Patents and Artificial Intelligence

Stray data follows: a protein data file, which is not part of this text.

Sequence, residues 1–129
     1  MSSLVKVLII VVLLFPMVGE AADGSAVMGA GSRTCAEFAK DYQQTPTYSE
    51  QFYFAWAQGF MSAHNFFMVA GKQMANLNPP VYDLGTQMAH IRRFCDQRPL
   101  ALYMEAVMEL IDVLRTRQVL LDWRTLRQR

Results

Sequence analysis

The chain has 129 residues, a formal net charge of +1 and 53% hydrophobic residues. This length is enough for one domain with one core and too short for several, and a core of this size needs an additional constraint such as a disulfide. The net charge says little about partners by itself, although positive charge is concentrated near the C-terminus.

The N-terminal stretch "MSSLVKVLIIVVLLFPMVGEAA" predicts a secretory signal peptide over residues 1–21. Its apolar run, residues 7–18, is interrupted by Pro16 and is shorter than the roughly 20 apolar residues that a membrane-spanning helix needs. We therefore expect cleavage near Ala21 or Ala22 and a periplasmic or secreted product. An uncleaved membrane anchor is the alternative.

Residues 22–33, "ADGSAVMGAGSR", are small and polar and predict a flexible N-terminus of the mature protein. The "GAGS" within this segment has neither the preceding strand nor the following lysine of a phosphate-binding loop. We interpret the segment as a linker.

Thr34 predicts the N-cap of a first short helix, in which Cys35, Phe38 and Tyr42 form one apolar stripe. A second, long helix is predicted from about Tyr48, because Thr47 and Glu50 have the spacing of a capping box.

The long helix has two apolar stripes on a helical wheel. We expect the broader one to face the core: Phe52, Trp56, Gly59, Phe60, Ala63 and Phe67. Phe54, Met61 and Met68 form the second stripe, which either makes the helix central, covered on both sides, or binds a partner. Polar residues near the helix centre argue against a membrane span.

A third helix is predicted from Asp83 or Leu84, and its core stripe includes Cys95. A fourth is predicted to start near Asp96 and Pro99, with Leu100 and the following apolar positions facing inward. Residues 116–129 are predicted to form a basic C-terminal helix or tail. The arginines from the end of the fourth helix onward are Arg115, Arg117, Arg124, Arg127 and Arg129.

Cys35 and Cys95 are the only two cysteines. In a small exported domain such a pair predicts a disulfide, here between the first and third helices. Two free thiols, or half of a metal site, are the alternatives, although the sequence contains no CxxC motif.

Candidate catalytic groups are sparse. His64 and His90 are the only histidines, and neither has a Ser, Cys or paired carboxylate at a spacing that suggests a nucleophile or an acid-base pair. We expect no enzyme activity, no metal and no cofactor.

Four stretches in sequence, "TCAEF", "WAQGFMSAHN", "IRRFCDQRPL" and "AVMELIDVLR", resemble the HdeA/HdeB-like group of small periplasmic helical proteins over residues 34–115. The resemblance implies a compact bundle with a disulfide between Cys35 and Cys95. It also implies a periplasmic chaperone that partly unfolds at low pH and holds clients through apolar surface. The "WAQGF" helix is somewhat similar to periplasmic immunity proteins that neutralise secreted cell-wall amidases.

For example, in the field of Invention Patents, Artificial Intelligence can be used in the invention process, in some cases to the extent of calling in doubt if the invention corresponds to the inventor or if it has been created basically by the Artificial Intelligence. This can face Law with questions, such as to whom paternity and ownership of the invention belong, and if the patent regime results suitable for a due protection of the inventions created by Artificial Intelligence. Even though the inventions generated by the use of Artificial Intelligence could be put on an equal footing with the inventions created by the computer, the intervention of Artificial Intelligence in the inventive process can be so significant that human intervention can result minimum or nonexistent For the time being, the European Patent Office has denied patent applications EP 18 275 163 and EP 18 275 174 in which the Artificial Intelligence DABUS was designated inventor and in which the applicant declared being the owner of the invention and having the right to request protection, in a derivative way, for being the owner of the inventor machine. The Patent European Office decided in first instance that Patent regulations implied that the inventor had legal status, which neither machines nor artificial intelligence had.